Wednesday, December 1, 2010


Instruction: Read the text and answer the questions that follow.

The Tale of Hachiko

Based on a true story from Japan, “The Tale of Hachiko” is a moving film about loyalty and the rare, invincible bonds that occasionally form almost instantaneously in the most unlikely places.

Some years ago an Akita puppy is flown from Japan to the United States,but his cage falls off the baggage cart atan American train station, where he is found by college professor Parker Wilson. Parker is instantly captivated by the dog.

When Carl, the station controller, refuses to take him, Parker takes the puppy home overnight. His wife, Cate is insistent about not keeping the puppy.

The next day Parker expects that someone will have contacted the train station, but no one has. He sneaks the pup onto the train and takes him to work, where a Japanese college professor, Ken, translates the symbol on the pup's collar as 'Hachi', Japanese for 'good fortune', and the number 8. Parker decides to call the dog 'Hachi'. Ken points out that perhaps the two are meant to be together.

Parker attempts to play fetch with Hachi, but he refuses to join in. Meanwhile Cate receives a call from someone who wants to adopt Hachi. However, after seeing how close her husband has become to Hachi, Cate agrees to keep him.

Hachi and Parker become closer. Parker, however, is still mystified by Hachi's refusal to do normal, dog-like things like chase and retrieve a ball. Ken advises him that Hachi will only bring him the ball for a special reason.

One morning, Parker leaves for work and Hachi sneaks out and follows him to the train station, where he refuses to leave until Parker walks him home. That afternoon, Hachi sneaks out again and walks to the train station, waiting patiently for Parker's train to come in. Eventually Parker relents and walks Hachi to the station every morning, where he leaves on the train. Hachi leaves after Parker's safe departure, but comes back in the afternoon to see his master's train arrive and walk with him home again.

This continues for some time, until one afternoon Parker attempts to leave, but Hachi refuses to go with him. Parker eventually leaves without him, but Hachi chases after him, holding his ball. Parker is surprised but pleased that Hachi is finally willing to play fetch with him but, worried he will be late, leaves on the train despite Hachi barking at him. At work that day Parker, still holding Hachi's ball, is teaching his music class when he passes out from cardiac arrest.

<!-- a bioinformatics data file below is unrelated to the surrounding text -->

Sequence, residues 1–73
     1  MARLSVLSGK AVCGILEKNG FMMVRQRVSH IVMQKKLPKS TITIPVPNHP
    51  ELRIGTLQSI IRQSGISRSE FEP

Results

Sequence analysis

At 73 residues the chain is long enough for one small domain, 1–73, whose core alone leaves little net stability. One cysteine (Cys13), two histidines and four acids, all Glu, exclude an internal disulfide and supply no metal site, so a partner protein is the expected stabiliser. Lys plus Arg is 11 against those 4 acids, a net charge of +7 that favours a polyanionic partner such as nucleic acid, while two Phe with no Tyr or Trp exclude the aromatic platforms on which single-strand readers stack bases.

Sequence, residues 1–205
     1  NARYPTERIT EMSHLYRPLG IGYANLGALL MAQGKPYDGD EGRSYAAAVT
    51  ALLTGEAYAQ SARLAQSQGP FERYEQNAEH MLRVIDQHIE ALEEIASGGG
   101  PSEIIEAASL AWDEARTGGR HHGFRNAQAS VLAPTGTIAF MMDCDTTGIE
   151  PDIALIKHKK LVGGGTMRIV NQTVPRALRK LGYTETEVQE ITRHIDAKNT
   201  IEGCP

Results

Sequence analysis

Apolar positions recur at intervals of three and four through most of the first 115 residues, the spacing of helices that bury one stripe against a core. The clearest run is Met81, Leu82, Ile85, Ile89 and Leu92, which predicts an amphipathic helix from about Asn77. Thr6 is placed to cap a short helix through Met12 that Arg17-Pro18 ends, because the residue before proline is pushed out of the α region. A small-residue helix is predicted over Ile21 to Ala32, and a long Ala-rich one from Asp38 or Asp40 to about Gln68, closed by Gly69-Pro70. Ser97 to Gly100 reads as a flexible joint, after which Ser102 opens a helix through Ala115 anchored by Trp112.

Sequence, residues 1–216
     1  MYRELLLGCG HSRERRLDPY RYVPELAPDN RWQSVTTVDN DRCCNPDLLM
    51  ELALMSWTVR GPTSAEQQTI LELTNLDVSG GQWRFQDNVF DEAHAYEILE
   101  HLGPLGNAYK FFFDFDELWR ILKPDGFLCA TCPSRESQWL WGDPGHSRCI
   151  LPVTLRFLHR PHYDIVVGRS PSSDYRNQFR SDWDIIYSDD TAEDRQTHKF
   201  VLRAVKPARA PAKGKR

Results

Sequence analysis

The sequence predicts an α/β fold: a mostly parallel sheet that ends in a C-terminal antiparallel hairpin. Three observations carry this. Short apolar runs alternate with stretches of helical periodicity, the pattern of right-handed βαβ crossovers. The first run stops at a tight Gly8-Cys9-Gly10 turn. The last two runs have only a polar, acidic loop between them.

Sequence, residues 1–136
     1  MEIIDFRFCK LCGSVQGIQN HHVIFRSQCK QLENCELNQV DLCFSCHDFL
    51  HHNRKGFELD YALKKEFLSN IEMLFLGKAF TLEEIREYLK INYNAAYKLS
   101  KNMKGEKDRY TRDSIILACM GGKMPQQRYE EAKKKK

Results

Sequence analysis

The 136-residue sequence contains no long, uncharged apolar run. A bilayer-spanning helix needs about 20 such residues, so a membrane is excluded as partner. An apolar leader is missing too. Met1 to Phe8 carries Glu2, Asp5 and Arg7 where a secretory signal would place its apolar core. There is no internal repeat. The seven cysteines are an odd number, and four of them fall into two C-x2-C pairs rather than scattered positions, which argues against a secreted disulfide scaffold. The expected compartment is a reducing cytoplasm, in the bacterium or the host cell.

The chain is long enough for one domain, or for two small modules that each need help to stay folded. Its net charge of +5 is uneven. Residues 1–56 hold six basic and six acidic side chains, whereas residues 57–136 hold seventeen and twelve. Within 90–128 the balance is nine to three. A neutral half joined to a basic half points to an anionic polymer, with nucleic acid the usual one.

At the train station, Hachi waits patiently as the train arrives, but there is no sign of Parker. He remains, lying in the snow, for several hours, until Parker's son-in-law Michael comes to collect him. The next day, Hachi returns to the station and waits for his deceased master, remaining all day and all night. Hachi religiously waits for years until he finally becomes old and dies peacefully.

Adapted from

Answer the questions below.

1.How does the puppy get to America?(1 mark)

2.What has Parker learnt from his Japanese colleague about the puppy and his relationship with it?(2 marks)

3.Why does Parker’s wife finally let Parker to keep the puppy?( 1 mark)

4.State one example which shows that Hachi is different from other dogs?
(1 mark)

5.What does the word “sneaks out” in line 29 mean?(1 mark)

6.What does Hachi do every day after the death of Parker?( 2 marks)

7.In your own words, would you like to own a dog like Hachi? Give a reason to your answer.(2 marks)

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